215-260-4881 gail@gailcummings.com

Toxic Positivity

“My comfort is more important than your reality…”

Getting into a good public high school in NYC, where I grew up, was a high-stakes, competitive process. My older brother was already attending the Bronx High School of Science, the crown jewel of the magnet schools, and now it was my turn to take the exam, pass it, and follow in his footsteps.

The night before the exam, my anxiety went through the roof and I started panicking. Thinking it was a good idea to talk to my father – my biggest cheerleader – I expressed that I was nervous and wanted to talk about options if I didn’t pass the exam. His response: “Failure is not an option.”

At that very instant I felt the pain from the pit forming in my stomach, and I think it remained until weeks later when I received the news that I had scored high enough on the test and was admitted. I know my father thought he was doing me a favor, being positive by sending the message that I had to succeed. But what really happened is his positivity became toxic – triggering my shame for being anxious – and he unintentionally invalidated my emotions which exacerbated the anxiety.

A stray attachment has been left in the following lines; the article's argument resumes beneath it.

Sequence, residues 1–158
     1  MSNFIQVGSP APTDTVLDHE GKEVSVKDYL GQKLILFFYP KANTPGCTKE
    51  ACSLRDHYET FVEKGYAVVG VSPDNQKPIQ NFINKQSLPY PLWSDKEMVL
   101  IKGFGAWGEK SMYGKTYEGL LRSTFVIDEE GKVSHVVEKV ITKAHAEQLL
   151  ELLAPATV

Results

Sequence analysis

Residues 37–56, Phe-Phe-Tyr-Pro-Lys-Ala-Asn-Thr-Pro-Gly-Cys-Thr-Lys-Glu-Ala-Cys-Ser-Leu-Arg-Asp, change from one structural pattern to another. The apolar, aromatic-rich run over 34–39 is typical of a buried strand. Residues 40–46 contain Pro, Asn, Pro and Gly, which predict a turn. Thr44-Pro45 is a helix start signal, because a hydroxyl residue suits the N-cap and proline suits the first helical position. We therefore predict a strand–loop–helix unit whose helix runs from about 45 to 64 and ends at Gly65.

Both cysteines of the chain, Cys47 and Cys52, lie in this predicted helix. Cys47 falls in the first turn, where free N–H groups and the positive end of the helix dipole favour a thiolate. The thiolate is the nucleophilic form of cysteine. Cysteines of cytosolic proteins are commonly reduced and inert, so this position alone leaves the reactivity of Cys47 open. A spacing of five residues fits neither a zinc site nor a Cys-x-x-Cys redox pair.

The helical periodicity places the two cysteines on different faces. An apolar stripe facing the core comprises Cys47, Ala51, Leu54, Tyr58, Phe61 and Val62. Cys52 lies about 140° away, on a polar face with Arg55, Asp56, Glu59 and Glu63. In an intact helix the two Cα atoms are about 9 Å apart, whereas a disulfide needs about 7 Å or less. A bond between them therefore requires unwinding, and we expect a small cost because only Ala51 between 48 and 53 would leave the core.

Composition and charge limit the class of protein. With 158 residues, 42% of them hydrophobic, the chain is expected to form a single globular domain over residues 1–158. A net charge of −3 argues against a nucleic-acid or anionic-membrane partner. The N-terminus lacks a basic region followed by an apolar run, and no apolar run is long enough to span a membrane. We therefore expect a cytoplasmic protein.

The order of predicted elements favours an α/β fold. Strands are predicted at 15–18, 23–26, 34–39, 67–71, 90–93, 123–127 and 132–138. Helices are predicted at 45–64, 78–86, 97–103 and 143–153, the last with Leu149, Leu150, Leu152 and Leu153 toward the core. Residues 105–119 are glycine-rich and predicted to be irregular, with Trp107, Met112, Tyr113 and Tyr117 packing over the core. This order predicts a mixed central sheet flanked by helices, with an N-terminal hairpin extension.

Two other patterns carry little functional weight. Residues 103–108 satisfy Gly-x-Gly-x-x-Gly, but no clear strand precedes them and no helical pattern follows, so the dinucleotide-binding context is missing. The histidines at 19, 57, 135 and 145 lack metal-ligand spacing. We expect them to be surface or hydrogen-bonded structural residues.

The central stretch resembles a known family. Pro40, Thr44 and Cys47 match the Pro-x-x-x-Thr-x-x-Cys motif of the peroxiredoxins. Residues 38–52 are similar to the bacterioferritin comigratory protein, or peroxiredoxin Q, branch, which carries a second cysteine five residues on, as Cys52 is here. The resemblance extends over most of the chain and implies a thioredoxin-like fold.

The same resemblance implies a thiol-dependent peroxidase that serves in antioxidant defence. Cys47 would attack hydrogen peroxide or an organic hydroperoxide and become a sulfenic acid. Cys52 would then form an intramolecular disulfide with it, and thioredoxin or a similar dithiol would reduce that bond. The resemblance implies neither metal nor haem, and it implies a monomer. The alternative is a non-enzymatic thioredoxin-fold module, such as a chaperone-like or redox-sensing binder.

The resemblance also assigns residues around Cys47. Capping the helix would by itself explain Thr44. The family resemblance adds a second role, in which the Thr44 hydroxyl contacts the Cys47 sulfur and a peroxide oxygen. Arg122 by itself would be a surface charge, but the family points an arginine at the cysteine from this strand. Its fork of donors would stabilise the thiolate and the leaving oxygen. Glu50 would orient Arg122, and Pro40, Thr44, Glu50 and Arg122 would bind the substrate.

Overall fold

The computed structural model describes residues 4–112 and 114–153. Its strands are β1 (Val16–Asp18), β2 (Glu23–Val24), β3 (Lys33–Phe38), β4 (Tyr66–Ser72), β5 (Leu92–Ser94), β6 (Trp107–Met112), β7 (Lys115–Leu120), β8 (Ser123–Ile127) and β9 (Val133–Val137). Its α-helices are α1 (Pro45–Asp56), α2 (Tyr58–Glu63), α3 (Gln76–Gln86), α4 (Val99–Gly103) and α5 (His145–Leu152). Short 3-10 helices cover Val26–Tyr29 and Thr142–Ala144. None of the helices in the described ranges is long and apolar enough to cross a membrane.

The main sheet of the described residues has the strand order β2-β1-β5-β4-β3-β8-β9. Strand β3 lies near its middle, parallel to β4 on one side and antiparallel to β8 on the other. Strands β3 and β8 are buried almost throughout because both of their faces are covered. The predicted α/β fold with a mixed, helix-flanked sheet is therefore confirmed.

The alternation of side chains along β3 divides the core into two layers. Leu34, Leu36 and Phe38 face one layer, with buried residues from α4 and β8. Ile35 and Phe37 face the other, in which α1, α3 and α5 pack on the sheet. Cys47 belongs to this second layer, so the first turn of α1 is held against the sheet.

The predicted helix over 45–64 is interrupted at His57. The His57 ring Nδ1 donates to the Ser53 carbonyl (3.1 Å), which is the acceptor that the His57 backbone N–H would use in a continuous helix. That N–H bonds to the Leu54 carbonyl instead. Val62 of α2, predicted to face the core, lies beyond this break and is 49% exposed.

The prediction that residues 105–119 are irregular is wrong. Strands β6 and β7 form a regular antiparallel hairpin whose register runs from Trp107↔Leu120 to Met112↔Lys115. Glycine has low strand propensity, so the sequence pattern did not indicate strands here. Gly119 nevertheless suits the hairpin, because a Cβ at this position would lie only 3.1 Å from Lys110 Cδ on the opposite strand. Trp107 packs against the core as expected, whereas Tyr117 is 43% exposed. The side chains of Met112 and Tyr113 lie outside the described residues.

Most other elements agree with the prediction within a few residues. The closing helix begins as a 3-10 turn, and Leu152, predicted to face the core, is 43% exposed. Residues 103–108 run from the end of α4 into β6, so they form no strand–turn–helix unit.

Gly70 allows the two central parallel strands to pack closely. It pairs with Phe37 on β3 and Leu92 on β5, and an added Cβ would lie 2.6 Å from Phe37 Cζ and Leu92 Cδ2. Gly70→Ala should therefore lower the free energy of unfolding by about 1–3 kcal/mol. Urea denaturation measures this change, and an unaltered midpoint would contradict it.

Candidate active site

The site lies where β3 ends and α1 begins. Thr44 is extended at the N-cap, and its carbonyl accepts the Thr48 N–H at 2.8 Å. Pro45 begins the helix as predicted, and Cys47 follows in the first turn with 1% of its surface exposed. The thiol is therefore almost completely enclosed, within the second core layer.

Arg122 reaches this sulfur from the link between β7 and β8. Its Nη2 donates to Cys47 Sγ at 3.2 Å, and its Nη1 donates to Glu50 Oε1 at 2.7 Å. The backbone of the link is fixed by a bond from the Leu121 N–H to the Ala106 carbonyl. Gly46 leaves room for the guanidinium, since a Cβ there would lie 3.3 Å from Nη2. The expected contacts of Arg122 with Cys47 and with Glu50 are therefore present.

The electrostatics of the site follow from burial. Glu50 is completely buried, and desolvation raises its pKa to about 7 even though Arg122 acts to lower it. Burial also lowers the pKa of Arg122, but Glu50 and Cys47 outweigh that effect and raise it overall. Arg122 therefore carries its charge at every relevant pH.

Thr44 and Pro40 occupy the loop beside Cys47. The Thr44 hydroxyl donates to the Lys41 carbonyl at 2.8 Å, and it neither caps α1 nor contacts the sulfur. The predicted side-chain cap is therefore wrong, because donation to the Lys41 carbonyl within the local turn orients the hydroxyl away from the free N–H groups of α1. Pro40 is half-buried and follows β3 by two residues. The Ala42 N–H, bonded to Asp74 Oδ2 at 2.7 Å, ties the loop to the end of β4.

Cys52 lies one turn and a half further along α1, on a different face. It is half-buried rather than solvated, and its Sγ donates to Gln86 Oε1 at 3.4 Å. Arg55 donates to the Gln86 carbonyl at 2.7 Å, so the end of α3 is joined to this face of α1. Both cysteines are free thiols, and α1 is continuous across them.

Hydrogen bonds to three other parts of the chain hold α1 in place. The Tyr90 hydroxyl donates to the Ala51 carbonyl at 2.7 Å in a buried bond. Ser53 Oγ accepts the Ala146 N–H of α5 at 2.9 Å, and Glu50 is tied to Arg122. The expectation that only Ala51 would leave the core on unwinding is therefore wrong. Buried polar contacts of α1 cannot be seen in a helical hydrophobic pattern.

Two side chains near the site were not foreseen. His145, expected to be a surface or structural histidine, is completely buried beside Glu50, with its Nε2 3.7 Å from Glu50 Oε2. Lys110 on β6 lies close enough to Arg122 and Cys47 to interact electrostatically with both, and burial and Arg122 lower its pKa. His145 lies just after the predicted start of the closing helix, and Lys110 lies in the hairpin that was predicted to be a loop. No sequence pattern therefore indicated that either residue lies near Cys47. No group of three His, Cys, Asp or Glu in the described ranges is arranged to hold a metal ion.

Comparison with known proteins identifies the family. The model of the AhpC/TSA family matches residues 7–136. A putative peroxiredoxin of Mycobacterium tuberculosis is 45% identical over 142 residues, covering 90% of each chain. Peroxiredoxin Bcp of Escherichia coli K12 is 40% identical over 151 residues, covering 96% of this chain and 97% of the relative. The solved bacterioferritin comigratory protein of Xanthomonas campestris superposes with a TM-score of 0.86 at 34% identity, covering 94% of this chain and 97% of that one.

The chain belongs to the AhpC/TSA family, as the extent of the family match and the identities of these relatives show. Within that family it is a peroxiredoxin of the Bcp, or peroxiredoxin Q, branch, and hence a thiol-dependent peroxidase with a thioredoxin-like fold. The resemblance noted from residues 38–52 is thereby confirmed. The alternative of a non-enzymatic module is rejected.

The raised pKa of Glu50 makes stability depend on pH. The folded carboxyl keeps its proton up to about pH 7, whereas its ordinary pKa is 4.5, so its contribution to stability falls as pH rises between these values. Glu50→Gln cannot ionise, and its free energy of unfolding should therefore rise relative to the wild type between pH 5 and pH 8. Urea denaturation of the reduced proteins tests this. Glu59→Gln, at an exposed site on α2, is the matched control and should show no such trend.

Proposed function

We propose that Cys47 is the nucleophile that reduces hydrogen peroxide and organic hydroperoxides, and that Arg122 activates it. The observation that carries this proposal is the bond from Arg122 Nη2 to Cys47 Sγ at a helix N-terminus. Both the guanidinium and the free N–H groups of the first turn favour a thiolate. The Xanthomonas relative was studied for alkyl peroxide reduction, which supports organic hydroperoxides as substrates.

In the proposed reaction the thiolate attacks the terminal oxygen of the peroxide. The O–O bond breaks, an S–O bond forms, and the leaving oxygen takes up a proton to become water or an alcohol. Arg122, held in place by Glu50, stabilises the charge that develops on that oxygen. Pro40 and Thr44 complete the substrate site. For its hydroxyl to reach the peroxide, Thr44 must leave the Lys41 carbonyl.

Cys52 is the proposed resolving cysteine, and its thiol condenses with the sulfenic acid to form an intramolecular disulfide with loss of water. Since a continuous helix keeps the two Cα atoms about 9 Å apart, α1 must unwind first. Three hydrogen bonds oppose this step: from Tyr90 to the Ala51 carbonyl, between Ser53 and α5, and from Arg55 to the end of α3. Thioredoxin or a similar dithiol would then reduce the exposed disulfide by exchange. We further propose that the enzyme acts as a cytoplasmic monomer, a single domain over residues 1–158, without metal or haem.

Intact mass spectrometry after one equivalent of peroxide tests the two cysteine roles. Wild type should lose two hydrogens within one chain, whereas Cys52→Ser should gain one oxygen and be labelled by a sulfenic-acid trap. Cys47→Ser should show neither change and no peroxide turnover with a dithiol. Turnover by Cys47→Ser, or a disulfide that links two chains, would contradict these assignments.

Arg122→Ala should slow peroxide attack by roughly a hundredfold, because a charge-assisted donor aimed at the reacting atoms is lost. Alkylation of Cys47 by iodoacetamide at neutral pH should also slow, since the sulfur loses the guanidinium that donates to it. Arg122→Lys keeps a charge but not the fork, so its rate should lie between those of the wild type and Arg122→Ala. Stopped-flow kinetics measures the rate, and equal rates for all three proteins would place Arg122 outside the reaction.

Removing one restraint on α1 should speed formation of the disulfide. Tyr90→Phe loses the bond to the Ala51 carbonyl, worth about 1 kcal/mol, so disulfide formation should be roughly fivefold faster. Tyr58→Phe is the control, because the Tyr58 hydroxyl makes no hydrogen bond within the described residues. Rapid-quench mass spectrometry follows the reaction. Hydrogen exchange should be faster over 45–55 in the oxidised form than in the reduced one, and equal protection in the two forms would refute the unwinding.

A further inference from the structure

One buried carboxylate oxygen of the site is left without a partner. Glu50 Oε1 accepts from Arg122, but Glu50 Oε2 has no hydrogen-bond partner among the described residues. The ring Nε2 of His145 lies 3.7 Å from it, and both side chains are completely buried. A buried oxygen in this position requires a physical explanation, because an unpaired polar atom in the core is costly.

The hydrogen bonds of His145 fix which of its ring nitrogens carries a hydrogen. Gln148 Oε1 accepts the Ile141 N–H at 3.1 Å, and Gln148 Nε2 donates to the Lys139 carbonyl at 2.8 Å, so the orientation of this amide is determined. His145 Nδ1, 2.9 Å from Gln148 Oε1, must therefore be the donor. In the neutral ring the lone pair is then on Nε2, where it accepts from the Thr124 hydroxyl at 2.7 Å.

What my Dad said may have sounded harmless. However, when you share something emotionally difficult and the other person insists “that you turn it into a positive, what they are really saying is: My comfort is more important than your reality,” according to Susan David, Ph.D., a Harvard Medical School psychologist and author of Emotional Agility.

What actually would have been helpful?

Dad: “It’s normal to be anxious before an important exam. You’ve done hard things before, and you can do this too.”
Gail: “I thought I was the only one to feel anxious and that something was wrong with me.”
Dad: “There is nothing wrong with you. You being anxious tells me this is really important to you, and that makes sense.”

Sharing our emotional truths ought to be easier. If you are anxious, discouraged, feeling that things are really hard and you need to hear that it’s okay not to feel okay, please call me at 215-260-4881 and I would be happy to help. 

Stay healthy, Stay safe, Stay sane,


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215-260-4881 - gail@gailcummings.com